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 Scott Creney

White America Reacts to the Death of Clarence Clemons Pretty Much Exactly the Way You’d Expect It To

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“Playing off of Clemons, the grandson of a Baptist preacher, Springsteen could always turn one of his concerts into a spiritual revival from the Church of Rock ‘n’ Roll”

Oh yeah? My grandfather was an Irish drunk. It doesn’t mean I’m going to be able to help you write Ulysses. And Tim? If Clarence was the one with the preacher roots, how come Bruce didn’t let Clarence turn the concerts into a spiritual revival? Just asking.

“It was a nod to the roots of the music, as well as the 6-foot-4 sideman. And for someone from a homogenous background, it was transformative.”

Dude, your “homogenous background” had twice as many black people in it as the entire fucking arena you were standing in. But somehow the arena experience was transformative? Why? Because it showed you for the first time that people with different color skin could stand on a stage together? In (I’m being generous, here) 1975?!?

“Clemons made his splash on the cover of the greatest American rock album of the last century”


Born To Run


“He is the man Springsteen is leaning on, in more ways than one, and smiling back at. The sentiment — hey, these guys really like each other — came through in concert after concert.”

We get it. Alright? They were friends. Bruce and Clarence were friends. They liked each other. Hell, they loved each other. Why isn’t that enough? Why do you (and others, Tim isn’t the only one peddling this racial harmony shit) turn it into something else? You do realize that by casting Clarence Clemons as the Jim to Bruce’s Huckleberry Finn, you insult the very friendship you’re supposed to be praising, right?

You do realize that by holding up the Bruce/Clarence dynamic as some sort of model, as some sort of goddamn INSTRUCTION MANUAL for harmonious race relations in ol’ messy America, you are essentially saying that white people should be in charge, should be the — excuse me, here — THE BOSS, and black people should be their sidekick, supporting them every step of the way? That the white man gets to be in charge? And the black guy’s just there to lend a little soul and authenticity?

Let me ask you a question, Tim? In your little racial utopia, when does the black guy get to write the songs? When does the black guy get to take the center stage? And more importantly, when do you and your fucking friends, oh I don’t know, GO TO THE FUCKING SHOW WHERE THE BLACK GUY IS PLAYING? Because, believe it or not, some black people get to write their own songs, and sing them. They even get to have their names on their own fucking records. And check this shit out. Some of them even have white people in their band! And women playing guitars! Here’s another artist for you to idealize. This song came out the same year as Born In The U.S.A. and it’s five times better.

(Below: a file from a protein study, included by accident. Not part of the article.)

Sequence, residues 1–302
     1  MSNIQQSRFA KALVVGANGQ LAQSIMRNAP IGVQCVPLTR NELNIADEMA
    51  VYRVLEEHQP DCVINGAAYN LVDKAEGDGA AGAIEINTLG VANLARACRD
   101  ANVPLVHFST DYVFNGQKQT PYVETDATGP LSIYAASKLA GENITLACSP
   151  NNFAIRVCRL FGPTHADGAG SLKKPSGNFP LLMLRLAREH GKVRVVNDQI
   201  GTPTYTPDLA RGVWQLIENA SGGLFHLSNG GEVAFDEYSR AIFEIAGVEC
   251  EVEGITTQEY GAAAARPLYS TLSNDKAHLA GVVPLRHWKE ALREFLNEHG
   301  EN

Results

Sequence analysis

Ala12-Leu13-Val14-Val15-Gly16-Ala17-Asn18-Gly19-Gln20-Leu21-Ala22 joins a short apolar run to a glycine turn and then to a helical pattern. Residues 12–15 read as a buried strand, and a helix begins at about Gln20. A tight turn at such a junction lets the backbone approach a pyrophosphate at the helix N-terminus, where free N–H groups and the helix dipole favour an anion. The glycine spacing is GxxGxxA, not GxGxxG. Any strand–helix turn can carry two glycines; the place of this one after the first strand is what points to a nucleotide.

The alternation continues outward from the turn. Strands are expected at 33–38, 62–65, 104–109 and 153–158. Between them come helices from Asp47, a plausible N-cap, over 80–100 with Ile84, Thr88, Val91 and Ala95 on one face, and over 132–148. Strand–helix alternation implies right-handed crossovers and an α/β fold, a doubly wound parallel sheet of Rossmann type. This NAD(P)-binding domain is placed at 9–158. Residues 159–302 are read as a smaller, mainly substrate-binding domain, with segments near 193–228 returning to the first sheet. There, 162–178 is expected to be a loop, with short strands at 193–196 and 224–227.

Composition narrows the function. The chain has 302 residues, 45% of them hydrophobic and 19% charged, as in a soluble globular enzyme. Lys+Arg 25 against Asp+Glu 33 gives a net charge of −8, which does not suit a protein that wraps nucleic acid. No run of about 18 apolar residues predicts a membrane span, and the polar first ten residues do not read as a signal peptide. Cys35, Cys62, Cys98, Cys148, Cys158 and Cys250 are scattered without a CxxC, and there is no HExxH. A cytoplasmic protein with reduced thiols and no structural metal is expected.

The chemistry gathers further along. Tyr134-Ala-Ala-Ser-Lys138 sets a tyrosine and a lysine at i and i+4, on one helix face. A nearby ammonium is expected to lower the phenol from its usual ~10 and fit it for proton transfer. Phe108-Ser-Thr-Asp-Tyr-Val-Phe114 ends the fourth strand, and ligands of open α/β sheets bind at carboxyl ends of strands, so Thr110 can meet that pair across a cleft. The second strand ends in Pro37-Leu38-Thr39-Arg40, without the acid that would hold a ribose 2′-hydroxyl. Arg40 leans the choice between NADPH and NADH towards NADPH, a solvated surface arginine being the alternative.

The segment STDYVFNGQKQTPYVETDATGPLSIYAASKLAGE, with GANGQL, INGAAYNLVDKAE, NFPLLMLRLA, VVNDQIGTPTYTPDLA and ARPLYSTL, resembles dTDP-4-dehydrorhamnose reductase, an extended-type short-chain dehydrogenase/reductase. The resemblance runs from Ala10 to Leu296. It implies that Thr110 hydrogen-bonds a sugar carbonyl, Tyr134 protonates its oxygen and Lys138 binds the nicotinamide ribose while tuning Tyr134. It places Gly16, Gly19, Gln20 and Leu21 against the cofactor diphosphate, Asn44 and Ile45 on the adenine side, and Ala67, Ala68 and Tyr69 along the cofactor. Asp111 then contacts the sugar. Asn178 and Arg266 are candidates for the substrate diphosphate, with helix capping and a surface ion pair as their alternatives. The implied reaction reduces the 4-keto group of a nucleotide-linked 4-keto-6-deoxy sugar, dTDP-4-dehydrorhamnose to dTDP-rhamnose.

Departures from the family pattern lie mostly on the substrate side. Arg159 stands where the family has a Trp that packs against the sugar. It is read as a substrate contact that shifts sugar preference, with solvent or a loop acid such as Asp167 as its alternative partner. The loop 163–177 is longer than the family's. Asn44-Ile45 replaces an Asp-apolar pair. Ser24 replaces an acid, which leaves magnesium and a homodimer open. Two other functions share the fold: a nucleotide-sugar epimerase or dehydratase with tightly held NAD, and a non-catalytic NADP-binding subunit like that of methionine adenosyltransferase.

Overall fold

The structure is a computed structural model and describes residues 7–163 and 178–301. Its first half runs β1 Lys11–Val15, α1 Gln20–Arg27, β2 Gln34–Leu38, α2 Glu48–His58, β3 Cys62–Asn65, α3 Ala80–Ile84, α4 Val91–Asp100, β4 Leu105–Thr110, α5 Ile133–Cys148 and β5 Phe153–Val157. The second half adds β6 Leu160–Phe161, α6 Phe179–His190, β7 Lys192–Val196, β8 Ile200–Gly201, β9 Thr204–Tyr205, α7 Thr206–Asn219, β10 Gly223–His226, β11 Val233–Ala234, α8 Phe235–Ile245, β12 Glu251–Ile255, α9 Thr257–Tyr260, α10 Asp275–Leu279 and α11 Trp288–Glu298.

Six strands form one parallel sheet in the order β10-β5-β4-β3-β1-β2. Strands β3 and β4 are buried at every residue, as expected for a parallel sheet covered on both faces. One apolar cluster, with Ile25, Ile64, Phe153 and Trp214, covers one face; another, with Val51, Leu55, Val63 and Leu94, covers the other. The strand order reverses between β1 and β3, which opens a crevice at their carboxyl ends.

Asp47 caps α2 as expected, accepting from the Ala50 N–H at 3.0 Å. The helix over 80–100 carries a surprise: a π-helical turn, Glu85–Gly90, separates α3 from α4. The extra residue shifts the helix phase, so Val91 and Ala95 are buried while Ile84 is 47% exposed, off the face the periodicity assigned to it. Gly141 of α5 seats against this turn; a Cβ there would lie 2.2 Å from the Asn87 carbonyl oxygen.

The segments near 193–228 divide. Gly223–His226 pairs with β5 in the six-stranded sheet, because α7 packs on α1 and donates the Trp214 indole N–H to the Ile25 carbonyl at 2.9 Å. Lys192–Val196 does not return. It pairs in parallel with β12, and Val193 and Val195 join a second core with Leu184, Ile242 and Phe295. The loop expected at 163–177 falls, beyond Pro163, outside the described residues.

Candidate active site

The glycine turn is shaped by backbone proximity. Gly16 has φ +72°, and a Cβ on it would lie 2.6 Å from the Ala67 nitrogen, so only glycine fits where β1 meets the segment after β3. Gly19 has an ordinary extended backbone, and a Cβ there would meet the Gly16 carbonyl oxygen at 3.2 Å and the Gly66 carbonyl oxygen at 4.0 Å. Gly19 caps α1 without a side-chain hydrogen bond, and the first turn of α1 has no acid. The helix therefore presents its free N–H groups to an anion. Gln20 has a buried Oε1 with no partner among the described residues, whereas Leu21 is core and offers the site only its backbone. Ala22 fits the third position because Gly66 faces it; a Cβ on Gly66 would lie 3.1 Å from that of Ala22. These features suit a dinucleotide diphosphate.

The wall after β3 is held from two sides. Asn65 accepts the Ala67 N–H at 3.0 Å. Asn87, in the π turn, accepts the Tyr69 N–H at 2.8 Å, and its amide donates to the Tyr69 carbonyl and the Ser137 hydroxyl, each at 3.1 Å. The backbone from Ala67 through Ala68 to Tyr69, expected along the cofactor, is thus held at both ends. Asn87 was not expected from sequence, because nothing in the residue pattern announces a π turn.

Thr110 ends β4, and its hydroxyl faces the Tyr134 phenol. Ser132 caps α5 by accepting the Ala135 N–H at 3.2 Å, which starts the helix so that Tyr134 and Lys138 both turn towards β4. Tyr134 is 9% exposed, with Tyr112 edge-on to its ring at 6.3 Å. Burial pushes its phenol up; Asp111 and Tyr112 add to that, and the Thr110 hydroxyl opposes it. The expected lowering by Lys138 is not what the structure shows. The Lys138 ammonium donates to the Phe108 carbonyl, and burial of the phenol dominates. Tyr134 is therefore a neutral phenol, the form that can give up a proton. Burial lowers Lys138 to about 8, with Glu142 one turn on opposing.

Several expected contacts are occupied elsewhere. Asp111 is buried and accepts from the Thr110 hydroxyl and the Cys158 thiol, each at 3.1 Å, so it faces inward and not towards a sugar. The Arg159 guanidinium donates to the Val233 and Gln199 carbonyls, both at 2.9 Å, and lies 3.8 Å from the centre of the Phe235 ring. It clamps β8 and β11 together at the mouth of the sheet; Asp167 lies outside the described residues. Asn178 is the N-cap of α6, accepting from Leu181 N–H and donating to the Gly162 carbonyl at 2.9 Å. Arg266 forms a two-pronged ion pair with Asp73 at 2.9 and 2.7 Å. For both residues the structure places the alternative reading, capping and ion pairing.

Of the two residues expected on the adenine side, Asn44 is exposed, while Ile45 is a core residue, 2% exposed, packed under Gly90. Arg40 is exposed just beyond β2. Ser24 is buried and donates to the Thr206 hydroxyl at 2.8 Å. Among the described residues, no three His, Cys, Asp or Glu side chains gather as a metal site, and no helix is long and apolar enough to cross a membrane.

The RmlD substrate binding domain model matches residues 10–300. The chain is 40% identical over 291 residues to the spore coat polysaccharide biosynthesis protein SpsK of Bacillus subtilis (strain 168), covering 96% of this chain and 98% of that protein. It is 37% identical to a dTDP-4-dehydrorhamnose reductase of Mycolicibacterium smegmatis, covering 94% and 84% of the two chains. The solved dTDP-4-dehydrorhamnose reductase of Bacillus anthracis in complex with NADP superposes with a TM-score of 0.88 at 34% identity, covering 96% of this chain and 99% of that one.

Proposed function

If that’s a little late for you, here’s one from when you were in high school.

And you do realize that by holding up Clarence and Bruce as your personal role models of racial harmony, you are saying that black people belong in the background? That a good black person is one who knows his place (off to the side)? One who essentially puts his energy into making white people better? And, in your case, making white people feel better about themselves?

And you do understand that you’re insulting Bruce when you compliment his (ahem) willingness/ability/nobility in choosing to be friends with a black person? Not to mention insulting black people (isn’t it noteworthy that a white guy would be friends with one?), as well as white people (sure was great of old Clarence to hang out with one of us), not to mention Clarence himself?

The sad part is this. It seems like Bruce and Clarence didn’t give a shit what color the other person was. It had absolutely nothing to do with their friendship. They just genuinely liked each other, had a lot of things in common, and felt a certain chemistry together. Just like you and your friends, Tim. Their skin color had nothing to do it. But to you, and to other people in the media, that’s all you’re capable of seeing. In your effort to turn that friendship into something more, you only end up turning it into something less.

“Bruce Springsteen lost a friend of 40 years; the rest of us lost an ideal”

You may have lost your ideal, Egan (and you can drop that first person plural bullshit, buddy). But at least you still have the fucking fantasy.

And oh yeah, the Pulitzer that Timothy Egan won? It was for his work on a New York Times series called How Race Is Lived In America. You can’t make this stuff up.

R.I.P. Clarence. You deserve to be remembered as more than a symbol. You deserve to be remembered as a man.

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